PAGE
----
Department of Buildings: 2020 Year in Review

December 23, 2020

 

Dear Industry Partners,

Happy holidays to all! As we wrap up 2020, I want to share with you some of our accomplishments this year. But first, I want to express my sincere appreciation to each and every one of you for working in partnership with the Department of Buildings (DOB) during these challenging times.

As you recall, construction was deemed an essential service by Governor Pritzker and Mayor Lightfoot last March. Since then, DOB’s top priority has been the continuity of services while reducing the spread of COVID-19. Thanks to our hard-working and dedicated staff, we were able to quickly pivot to remote and alternative processes for permitting, inspections and trade licensing, and we continue to maintain and improve these services, wherever necessary. This includes remote processes for permits that were not already online, alternative contact information, virtual meetings for those with permit and inspection questions, virtual inspections for certain permits, and ongoing communication with you, our stakeholders, via e-newsletters and FAQ documents on the DOB website.

Please take a minute to review some of our successes this year. Again, we appreciate working with you and hope that the holidays and the coming year will bring you much happiness and success.

Sincerely,

Matthew Beaudet
Commissioner

Year in Review 

Despite the unique headwinds of 2020, DOB remained committed to meeting the goals promised to the industry, and thoughtfully added more based on lessons learned during the pandemic. Our highlights are included below.

Full Implementation of the New Chicago Building Code

DOB implemented a smooth transition to the new Chicago Building Code, passed by City Council in 2019, on the scheduled effective date of August 1, 2020. Under the leadership of Mayor Lightfoot, the new Code was implemented without a hitch despite a worldwide pandemic. DOB senior staff proactively hosted and participated in multiple webinars to ease the transition and answer any questions from industry partners and proactively communicated with stakeholders via email and social media alerts.

The new building code brings Chicago closer to national standards in building planning, fire safety, building rehabilitation, and promotion of energy efficiency. With rising construction costs and a dire need for more affordable housing, the new code’s flexibility and expanded options for cost-effective construction are more important than ever as the City seeks to encourage redevelopment in communities that have long been overlooked. Though applicants had the option to apply under the previous code, only an estimated 680 plan-based permits were issued under the previous code – about 8% of total plan-based permits.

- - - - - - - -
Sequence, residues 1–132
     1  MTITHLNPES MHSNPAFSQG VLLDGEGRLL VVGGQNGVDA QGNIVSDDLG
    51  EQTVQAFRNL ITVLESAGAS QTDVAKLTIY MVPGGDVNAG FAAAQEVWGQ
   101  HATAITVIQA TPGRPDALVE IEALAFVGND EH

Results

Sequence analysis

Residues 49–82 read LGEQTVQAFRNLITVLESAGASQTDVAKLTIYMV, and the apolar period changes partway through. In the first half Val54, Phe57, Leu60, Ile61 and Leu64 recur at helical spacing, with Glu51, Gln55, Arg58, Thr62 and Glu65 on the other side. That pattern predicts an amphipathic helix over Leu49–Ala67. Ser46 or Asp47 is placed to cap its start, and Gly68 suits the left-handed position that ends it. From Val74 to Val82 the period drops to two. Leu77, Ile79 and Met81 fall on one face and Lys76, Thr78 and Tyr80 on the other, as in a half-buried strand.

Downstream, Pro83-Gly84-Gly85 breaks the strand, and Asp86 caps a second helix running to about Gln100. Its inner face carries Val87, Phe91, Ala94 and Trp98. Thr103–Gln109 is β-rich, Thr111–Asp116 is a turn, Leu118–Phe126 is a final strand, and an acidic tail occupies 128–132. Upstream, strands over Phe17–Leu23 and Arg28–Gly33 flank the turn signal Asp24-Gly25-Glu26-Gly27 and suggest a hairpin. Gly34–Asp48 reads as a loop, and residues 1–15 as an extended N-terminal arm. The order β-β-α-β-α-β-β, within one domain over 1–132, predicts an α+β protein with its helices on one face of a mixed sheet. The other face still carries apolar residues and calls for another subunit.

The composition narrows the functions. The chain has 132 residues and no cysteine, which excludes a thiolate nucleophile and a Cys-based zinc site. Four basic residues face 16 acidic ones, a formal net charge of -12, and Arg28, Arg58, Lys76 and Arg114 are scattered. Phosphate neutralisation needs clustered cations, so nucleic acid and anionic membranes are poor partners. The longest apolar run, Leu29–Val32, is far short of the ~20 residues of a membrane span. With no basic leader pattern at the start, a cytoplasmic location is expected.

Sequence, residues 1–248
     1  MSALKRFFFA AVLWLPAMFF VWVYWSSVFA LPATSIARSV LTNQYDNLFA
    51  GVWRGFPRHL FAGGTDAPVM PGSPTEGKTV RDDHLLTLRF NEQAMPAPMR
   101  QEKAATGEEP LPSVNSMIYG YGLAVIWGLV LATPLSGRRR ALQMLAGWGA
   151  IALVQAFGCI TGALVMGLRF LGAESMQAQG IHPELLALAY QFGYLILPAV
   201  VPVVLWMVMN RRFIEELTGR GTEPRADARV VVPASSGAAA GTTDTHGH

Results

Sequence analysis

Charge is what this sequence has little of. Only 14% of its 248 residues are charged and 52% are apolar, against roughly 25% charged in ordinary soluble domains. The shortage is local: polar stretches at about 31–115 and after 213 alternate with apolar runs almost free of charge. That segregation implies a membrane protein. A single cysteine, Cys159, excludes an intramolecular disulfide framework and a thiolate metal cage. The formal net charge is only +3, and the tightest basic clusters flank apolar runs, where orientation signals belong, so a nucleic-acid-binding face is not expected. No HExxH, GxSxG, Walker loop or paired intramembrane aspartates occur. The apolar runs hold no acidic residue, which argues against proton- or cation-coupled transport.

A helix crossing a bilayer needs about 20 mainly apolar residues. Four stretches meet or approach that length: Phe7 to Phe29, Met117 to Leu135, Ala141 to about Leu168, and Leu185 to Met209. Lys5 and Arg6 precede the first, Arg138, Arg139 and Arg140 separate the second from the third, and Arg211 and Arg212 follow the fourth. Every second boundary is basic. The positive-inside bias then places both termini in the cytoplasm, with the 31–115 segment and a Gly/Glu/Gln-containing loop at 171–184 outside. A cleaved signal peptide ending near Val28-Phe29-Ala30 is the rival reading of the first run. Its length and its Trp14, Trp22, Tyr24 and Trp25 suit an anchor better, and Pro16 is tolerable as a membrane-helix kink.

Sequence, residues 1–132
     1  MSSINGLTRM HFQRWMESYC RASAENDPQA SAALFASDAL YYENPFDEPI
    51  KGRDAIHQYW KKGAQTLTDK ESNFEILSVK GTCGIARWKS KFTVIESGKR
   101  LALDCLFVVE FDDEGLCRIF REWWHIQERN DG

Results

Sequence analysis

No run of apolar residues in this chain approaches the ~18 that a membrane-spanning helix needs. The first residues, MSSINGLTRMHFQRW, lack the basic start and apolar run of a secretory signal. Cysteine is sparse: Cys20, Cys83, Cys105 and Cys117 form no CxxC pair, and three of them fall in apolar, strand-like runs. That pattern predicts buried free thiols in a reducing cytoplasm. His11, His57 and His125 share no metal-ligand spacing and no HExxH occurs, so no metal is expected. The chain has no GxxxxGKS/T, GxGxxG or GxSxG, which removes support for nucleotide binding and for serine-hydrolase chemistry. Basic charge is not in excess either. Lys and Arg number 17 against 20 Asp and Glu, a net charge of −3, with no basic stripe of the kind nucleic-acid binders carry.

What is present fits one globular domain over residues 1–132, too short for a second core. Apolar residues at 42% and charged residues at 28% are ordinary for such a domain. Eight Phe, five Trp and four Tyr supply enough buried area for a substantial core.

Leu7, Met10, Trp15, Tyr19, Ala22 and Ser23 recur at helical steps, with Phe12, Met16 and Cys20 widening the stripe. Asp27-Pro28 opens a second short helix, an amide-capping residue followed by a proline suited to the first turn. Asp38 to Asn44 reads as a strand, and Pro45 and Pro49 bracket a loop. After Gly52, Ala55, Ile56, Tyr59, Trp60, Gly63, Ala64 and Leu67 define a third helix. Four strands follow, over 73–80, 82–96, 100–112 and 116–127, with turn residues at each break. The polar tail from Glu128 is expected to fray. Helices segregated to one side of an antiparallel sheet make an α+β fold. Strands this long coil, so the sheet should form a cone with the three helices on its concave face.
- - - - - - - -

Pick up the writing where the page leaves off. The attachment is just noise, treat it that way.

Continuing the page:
Continuation of Highly Successful Plumbing Pilot Program

DOB extended its highly successful Plumbing Pilot Program. The program allows for the rehabilitation and repurposing of existing buildings and new residential buildings up to four stories to use PVC for drain waste and vent pipe. This is vital to reducing the costs of construction, which is even more important in post-COVID recover. To date the program boasts 2,141 projects, saving more than $34 million for building owners, small business owners, and developers, including affordable housing developers, throughout the City.

Continuation of the Chicago Construction Codes Modernization Program

DOB’s modernization efforts did not cease with the new Building Code. Despite the limitations of convening large workshops with industry partners, DOB staff continued the internal review of requirements for plumbing, mechanical ventilation, refrigeration, natural gas, hazardous occupancies, and trade licensing.

Interim plumbing and mechanical code amendments, vital for pandemic recovery and the success of the City’s economic investments. The full plumbing and mechanical codes as well as the refrigeration, natural gas, hazardous occupancies, and trade licensing codes will be drafted, with robust collaboration from all stakeholders.

Permit Streamlining and Paperless Applications

At the beginning of the COVID stay-at-home order. DOB quickly pivoted to provide permit applications to be accepted, processed, and issued via mail, email, and other electronic means. This was vital to keeping our easy permit and other paper-based permit applications going without interruption. This continuity of services kept economic development and construction-related jobs on track during these unprecedented and challenging times.

DOB has issued 8,435 easy permits online since City Hall closed to the public on March 20, 2020. DOB intends to continue this process which also highlights the imperative need to migrate to an updated system. DOB remains committed to working with our City partners on this on other necessary automation initiatives.

Inspection Streamlining and Virtual Inspections

DOB also provided continuity of inspections since the beginning of COVID. In addition to remaining in the field, DOB inspectors have also been accepting photographs and virtual inspections, when appropriate. We know that, in certain cases, a photograph is not a replacement for an in-person inspection, so interior inspections are taking place in emergency-type situations and/or when residents are comfortable with inspectors entering their homes. To date, DOB has conducted over 500 virtual inspections and we will continue that new successful tool in 2021.

Reduction in Time to Permit

Under Mayor Lightfoot’s leadership, DOB is pleased to report a 15% reduction in time to permit as compared to 2019.

DOB Processing Time: 26 Days - Time with Applicant: 36 Days
Total Time to Permit: 62 Days as of November 30, 2020

DOB Processing Time: 32 Days - Time with Applicant: 45 Days
Total Time to Permit: 77 Days as of December 1, 2019

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